• Some of this is due to smaller bodies losing heat faster than larger ones.

●     Genetic Differences

  • Like most physiological processes - an individual's metabolism is greatly affected by their genetics. Someone might be able to easily metabolize certain compounds because their genes make them produce certain enzymes more efficiently.
  • A similar individual without these genes might metabolize certain compounds much more slowly.

●     Medications

  • Various medications and supplements can speed up or slow down metabolism. For example, one of the most well-known ones -caffeine can speed up your metabolism.
  • Some supplements slow down your metabolism - Beta blockers, corticosteroids, and various others can all have this effect.

●     Sex

  • If you’re male or female, then this also affects your overall metabolic rate. Differences in testosterone and estrogen and differences in muscle mass mean that males usually have faster metabolisms than females.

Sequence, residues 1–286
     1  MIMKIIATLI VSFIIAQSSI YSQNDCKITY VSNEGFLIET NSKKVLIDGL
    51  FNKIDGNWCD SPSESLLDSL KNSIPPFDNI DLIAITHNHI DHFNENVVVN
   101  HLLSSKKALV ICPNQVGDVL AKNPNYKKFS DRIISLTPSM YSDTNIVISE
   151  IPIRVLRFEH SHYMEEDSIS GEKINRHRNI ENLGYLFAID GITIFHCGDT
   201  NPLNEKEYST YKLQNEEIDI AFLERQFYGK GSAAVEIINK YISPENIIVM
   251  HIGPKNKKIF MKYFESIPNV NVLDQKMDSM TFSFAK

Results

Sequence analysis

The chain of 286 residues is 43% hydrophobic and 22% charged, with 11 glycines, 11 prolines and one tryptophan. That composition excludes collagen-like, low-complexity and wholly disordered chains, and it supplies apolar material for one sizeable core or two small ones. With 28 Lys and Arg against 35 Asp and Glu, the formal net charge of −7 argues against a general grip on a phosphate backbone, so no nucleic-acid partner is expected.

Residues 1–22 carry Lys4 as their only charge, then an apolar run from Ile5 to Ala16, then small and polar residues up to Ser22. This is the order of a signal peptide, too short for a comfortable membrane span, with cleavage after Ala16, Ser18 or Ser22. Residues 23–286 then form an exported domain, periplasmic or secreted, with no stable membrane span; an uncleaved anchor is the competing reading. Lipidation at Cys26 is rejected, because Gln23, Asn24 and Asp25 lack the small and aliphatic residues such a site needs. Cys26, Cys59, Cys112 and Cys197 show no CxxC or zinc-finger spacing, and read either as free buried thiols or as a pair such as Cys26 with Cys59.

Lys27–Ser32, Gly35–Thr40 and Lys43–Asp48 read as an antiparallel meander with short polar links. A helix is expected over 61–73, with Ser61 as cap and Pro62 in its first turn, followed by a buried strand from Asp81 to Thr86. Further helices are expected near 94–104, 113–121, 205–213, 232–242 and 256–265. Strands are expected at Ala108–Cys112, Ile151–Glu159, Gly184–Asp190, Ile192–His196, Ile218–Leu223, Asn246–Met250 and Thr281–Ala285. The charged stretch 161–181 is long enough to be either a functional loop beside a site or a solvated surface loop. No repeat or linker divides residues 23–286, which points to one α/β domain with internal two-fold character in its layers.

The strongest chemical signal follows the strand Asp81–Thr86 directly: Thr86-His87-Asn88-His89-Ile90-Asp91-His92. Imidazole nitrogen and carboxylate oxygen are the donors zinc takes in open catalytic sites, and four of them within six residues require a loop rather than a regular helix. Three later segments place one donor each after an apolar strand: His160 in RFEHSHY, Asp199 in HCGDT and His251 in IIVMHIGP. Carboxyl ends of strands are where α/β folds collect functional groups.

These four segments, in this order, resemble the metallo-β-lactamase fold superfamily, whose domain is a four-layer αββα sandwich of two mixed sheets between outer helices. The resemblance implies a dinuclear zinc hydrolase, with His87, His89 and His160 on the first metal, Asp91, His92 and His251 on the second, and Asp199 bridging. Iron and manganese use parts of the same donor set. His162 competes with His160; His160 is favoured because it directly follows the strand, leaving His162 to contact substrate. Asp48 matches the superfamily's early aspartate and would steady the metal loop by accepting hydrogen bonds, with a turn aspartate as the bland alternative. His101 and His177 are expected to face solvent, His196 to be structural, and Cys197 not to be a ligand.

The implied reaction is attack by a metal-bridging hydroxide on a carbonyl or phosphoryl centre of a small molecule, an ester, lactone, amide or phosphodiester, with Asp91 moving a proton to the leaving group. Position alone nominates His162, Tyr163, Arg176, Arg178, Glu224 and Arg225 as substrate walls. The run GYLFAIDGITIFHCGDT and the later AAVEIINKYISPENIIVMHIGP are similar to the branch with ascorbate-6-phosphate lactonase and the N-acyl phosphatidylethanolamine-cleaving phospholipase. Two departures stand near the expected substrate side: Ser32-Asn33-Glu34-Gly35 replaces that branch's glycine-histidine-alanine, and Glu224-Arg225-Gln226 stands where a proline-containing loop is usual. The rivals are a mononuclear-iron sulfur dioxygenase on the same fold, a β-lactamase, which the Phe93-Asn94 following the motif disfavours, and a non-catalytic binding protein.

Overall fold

●     Underlying health conditions

  • Various health conditions can impact metabolism. Some of these include type I and type II diabetes, gout, and hypoglycemia.

When metabolizing any supplement, the body goes through two distinct processes or phases - which are outlined below.

Phase I Metabolism (CYP450)

The first step in metabolizing any foreign substance can involve several steps - oxidation, reduction, hydrolysis, and cyclization:

  • Oxidation - adding oxygen to a compound and/or loss of electrons.
  • Reduction - removal of oxygen and/or gaining electrons.
  • Hydrolysis - breaking molecules apart by reactions with water.
  • Cyclization - reactions that convert open chain compounds to close chained compounds.

All of these reactions rely upon a specific group of enzymes primarily located in the liver, which are collectively known as the cytochrome P450 monooxidase system or CYP450.

Phase II Metabolism (Conjugation)

The second phase of metabolism involves a process known as conjugation. This process adds another functional group to the metabolites formed during phase I. When referring specifically to cannabinoids, glucuronic acid is the primary conjugation species used.

Conjugation is important because it allows the body to neutralize or deactivate certain compounds, and it also increases both water solubility and renal clearance. This helps the body to eliminate substances through the kidneys, the feces, or both.